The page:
Tag Archives: teaching

Career Education and Way of Life Development

I (Clive) have often proposed in our blogs that schooling should be more “relevant.” In addition to teaching subject content, we should help students develop their general approach to life (which will vary significantly from one student to another). This can be done as we teach subjects – so long as we are selective in what we spend time on and how we teach it – but also through the class community, the teacher-student relationship, and individual and whole-class projects and chats from time to time.

I have recently read a wonderful book Designing Your Life (Knopf, 2016) by Stanford professors Bill Burnett and Dave Evans, in which the authors say that way of life development should go hand in hand career education. Already in school (they do not say how early) young people should be constantly exploring a range of possibilities for learning and doing, trying to figure out what things they enjoy, find fulfilling, and are good at. Then as they begin to consider more concretely what career(s) to take up, they will have a solid sense of what would fit with their way of life.

A key emphasis in the book is that it is not just a matter of choosing IT, law, engineering, etc. but what kind of IT, law, engineering, etc. Work in each field can take many different forms, and it is as much a matter of creating or designing a line of work as choosing one, and continuing to develop it further over time. For this people need a lot of information about the real world, a sense of a preferred and possible way of life, and experience in being proactive rather than passive in life situations. This can begin in earnest in school – I would argue, even in primary school.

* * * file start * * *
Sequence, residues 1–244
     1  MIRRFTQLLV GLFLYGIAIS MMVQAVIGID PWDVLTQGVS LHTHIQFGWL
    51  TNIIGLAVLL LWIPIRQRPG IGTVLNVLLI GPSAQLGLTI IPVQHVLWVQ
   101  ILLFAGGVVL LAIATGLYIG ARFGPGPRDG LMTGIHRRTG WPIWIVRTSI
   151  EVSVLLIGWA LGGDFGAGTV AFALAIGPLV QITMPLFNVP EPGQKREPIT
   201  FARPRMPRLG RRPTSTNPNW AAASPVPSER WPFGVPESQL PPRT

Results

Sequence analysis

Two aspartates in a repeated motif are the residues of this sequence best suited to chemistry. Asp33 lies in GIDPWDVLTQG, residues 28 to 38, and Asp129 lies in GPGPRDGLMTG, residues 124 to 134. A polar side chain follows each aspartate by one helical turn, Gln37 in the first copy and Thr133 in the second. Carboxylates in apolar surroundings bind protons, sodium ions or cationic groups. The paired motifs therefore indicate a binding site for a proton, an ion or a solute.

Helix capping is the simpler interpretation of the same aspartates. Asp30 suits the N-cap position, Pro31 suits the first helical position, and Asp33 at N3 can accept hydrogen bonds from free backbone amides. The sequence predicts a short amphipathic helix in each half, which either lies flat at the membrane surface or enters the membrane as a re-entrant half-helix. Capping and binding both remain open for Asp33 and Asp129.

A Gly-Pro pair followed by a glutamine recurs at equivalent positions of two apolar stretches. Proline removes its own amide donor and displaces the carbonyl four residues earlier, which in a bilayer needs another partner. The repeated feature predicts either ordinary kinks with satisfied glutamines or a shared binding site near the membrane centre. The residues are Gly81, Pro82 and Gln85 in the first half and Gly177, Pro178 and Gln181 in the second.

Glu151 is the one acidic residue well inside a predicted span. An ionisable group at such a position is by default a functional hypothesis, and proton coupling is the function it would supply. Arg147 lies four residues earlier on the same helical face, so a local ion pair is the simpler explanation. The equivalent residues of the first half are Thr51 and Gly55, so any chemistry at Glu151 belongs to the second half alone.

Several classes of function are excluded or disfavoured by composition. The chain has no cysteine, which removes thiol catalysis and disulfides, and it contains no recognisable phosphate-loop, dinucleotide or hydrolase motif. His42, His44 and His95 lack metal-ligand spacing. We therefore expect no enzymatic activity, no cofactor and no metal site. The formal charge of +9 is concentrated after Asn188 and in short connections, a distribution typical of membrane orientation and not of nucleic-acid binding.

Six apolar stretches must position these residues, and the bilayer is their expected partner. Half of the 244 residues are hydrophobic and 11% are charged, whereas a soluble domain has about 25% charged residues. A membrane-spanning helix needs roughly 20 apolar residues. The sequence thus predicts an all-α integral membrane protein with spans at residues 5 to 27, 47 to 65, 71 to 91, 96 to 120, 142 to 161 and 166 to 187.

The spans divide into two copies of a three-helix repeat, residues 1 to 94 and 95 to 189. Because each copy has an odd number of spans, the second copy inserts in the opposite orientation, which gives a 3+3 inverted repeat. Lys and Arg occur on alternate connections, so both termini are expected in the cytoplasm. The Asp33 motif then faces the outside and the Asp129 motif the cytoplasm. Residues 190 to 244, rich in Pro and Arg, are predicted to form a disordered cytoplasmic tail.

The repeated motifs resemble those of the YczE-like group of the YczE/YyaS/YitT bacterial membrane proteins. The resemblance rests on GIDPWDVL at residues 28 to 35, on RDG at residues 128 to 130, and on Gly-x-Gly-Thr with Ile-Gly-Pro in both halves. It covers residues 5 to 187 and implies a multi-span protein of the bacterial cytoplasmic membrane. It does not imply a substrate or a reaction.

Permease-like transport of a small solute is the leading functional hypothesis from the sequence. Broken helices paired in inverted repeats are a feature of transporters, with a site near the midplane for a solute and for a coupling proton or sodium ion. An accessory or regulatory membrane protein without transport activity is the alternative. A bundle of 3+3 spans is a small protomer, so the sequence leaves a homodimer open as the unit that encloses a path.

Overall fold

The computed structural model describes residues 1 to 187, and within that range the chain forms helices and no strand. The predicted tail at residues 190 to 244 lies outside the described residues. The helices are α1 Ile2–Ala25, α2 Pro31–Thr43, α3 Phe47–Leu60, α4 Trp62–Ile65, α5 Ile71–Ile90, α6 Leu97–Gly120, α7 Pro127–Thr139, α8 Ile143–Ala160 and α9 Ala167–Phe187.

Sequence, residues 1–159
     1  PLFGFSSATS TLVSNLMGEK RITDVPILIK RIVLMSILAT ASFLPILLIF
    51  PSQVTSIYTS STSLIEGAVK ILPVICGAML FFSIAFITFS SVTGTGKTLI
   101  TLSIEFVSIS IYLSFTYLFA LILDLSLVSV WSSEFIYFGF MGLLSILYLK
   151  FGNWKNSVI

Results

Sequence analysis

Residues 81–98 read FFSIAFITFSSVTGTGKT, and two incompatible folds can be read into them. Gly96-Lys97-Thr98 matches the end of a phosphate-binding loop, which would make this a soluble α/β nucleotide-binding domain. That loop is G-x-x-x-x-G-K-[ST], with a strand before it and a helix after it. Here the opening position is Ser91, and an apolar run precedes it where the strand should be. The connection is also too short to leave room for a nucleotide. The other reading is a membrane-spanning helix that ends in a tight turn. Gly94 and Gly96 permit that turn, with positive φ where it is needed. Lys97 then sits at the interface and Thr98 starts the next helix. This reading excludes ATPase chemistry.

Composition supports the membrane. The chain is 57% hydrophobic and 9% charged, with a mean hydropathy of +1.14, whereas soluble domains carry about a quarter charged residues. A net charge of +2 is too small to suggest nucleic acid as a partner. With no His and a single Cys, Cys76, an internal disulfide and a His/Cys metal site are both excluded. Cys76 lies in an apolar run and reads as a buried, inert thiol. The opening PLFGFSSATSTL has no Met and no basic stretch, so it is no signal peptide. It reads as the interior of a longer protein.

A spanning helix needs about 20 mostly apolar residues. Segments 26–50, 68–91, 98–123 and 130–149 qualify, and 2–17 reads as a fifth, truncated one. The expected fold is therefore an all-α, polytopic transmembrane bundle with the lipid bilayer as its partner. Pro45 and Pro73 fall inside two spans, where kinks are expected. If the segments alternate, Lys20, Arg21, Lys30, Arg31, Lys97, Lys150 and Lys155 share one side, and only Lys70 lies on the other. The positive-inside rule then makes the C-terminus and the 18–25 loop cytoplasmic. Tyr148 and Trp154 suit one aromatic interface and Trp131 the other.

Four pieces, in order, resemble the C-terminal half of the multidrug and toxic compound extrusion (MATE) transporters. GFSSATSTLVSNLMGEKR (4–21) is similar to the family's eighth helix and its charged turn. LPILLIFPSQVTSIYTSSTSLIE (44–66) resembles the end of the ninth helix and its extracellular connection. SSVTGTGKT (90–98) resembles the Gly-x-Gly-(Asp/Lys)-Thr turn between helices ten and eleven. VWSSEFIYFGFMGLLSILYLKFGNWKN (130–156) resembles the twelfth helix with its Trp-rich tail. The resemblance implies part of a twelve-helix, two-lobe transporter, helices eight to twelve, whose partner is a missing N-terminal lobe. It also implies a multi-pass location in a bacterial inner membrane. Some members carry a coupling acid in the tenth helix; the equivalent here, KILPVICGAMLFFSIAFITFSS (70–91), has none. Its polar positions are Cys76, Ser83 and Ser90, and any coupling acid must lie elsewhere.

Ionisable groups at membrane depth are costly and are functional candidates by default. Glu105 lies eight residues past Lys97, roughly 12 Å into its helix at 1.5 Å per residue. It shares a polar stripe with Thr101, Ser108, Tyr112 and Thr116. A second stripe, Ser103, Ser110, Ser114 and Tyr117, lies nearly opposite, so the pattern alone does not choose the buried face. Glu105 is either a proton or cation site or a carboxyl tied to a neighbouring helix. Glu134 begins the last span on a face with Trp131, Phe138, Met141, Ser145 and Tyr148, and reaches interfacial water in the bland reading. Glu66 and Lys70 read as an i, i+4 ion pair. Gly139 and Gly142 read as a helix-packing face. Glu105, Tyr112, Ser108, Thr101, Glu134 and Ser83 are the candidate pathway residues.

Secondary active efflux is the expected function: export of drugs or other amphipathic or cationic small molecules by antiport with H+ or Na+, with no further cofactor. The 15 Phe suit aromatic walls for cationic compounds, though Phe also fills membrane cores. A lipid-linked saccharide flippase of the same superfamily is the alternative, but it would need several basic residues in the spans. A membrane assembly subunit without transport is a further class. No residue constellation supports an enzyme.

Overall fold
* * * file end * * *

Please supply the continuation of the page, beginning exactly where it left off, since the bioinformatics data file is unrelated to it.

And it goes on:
Respecting Teachers’ Professionalism in Reading Instruction

booksIncreasing the reading ability of young people is a major focus of critics of schooling, and prescribed remedies constantly rain down upon us. It is refreshing, then, to re-visit Richard Allington’s What Really Matters for Struggling Readers (2006, 2nd edn.), as I (Clive) have recently done.

According to Allington, the remedies mandated at a system level typically have two flaws: (1) prescribing a single method for all students, and (2) not placing enough emphasis on the amount students read (including re-reading the same favorite works). With respect to the first, he says:

“Expecting any single method, material, or program to work equally well with every kid in every classroom is nonsensical. And yet we see increasing pressure for a standardization of reading curriculum and lessons…. The substantial research evidence that such plans have not produced the desired effects is routinely ignored in the latest quest for a cheap, quick fix.” (p. 34)

Regarding the second flaw in system mandates, Allington says:

“If I were required to select a single aspect of the instructional environment to change, my first choice would be creating a schedule that supported dramatically increased quantities of reading during the school day” (p. 35)

Unfortunately, federally funded Title I remedial reading and special education programs (in the US) have not increased the amount of reading children do. According to one study:

“[C]hildren who received reading instructional support from either program often had the volume of reading reduced rather than expanded as remedial and resource room lessons focused on other activities” (p. 43)

These “other activities” – such as extra phonics teaching, correcting pronunciation, asking comprehension questions – mean that children are interrupted in their reading. Apart from reducing reading time, this means children become used to being interrupted and read in a slow, hesitant manner, with half a mind on when the next interruption will come.